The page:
Carlos Andres: Going back in time to 1990 you had the rise to power of the right-wing candidate Alberto Fujimori. Yes, a Japanese man raised as a roman catholic, became the president of a Latin country with indigenous Incan roots. You can’t make this stuff up.
Well Alberto Fujimori began the process of promoting free market principals, liberalizing trade, suppressing rebel groups and dramatically improving security and thereby encouraging foreign investment. He however did this in a more or less brutal and dictatorial fashion.
Shining Path and other rebel groups had been reeking-havoc in the rural areas and Fujiomori put a brutal end to their activities, racking-up human rights violations as he went. He also had a fascist or oligarchic bent, meaning corruption was the order of the day. He carved-up the economy for the benefit of friends and family or as payment for political favors.
He brought radical change to Peru, which, despite the means, brought economic stability and growth. It was dubbed “Fujishock” by observers. He was impeached from office a decade later, and wound up in exile in Japan. It’s a long and sordid tale, but he was ultimately extradited and is now serving a 25 year sentence for human rights violations and corruption. Yet, he left a prosperous Peru as part of his tainted legacy. The two presidents that followed Fujimori, Alejandro Toledo and Alan Garcia, more or less continued his economic policies, and Peru has simply exploded.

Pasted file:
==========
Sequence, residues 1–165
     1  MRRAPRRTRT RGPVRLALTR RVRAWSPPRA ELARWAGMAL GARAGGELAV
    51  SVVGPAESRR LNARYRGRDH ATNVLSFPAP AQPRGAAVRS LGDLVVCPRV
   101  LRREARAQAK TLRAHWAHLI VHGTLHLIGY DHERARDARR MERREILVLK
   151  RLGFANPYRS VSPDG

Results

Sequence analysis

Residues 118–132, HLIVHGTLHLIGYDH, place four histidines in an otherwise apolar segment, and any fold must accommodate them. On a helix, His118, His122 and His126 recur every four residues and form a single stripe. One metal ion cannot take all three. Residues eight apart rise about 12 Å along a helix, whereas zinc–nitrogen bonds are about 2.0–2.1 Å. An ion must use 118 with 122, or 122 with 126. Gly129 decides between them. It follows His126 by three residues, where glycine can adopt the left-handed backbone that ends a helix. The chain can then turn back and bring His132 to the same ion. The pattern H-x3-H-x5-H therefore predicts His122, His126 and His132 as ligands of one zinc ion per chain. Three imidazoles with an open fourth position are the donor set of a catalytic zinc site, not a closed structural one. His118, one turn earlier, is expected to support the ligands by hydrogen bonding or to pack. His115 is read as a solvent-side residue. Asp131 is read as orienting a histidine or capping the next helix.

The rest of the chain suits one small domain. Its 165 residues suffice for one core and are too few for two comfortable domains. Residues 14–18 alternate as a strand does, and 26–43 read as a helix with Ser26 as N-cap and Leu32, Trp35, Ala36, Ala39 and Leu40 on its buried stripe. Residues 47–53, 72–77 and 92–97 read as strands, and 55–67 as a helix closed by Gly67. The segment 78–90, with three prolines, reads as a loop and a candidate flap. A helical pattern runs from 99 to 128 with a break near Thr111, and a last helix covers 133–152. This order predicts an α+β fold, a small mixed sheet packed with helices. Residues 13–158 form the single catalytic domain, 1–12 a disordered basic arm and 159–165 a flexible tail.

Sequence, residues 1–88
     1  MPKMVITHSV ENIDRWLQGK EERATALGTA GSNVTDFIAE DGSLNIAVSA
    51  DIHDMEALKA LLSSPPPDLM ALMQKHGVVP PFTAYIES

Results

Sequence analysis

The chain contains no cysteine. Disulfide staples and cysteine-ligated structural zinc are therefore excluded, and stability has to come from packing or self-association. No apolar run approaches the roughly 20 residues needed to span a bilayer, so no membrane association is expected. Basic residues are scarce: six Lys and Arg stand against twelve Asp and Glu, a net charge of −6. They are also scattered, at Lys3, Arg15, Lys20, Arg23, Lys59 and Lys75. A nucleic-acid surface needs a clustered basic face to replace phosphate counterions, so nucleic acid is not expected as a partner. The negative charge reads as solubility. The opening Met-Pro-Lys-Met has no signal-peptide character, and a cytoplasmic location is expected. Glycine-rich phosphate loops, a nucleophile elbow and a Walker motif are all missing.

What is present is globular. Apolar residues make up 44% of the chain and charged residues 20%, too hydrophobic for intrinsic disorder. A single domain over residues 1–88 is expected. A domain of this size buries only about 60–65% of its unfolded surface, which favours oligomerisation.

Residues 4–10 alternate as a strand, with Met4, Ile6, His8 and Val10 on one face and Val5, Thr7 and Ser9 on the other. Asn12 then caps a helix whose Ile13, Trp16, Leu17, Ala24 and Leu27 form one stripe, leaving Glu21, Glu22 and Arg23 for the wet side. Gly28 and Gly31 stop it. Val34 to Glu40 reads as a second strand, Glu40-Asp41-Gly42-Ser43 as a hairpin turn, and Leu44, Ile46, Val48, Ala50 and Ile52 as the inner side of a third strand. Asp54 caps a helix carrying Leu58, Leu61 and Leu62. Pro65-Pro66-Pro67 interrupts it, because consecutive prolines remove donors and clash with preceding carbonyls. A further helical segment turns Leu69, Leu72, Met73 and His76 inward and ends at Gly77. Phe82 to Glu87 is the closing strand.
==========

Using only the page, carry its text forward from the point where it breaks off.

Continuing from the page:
Remember the name of Alejandro Toledo, because he is an important part of the reason why we believe the party will continue.
Ollanta Humala clumsily enters the story in 2000, with an impulsive and ill-advised coup attempt against Fujimori just days before Fujimori’s impeachment. He was a career military officer at the time, having participated in the brutal suppression of the rebel groups under Fujimori. He is also suspected of human rights violations, but nothing has ever been proven and charges have never been brought.
His coup attempt, which involved other disgruntled officers, failed before it even got started and he became a fugitive. He managed to stay in hiding until Fujimori’s impeachment and was eventually pardoned and reinstated to the military. It makes perfect sense, right?
As a footnote, in 2005, his brother, also a military officer, achieved notoriety by assaulting and occupying a police station in an attempt to force the president at the time, Alejandro Toledo, out of office. Of course it also failed miserably, ending in the death of 4 police officers and one of his compatriots. He was recently sentenced to 25 years in prison for the incident. It’d be comical if it weren’t sad.
Ollanta Humala scares everyone for a couple of primary reasons. On the one-hand he is associated with a native or ethnic nationalist movement, with racist and xenophobic overtones, that has significant support among the military rank and file. On the other hand, he has made it clear that he admires the regions dictators, such as Hugo Chavez of Venezuela, Evo Morales in Bolivia and Rafael Correa in Ecuador, and shares their leftist ideology. This makes foreign capital skittish to say the least. He ran for president in 2006 and lost a close election to Alan Garcia, a former president (back in the 1980’s) of the country. Not to be discouraged, he ran again this year against the daughter of Alberto Fujimori, Keiko Fujimori, and defeated her last week by a small margin in a hotly contested run-off election.
This is truly a case where fact is stranger than fiction.Read the rest here.
In : Politics
Tags: "peruvian politics" "peru economy"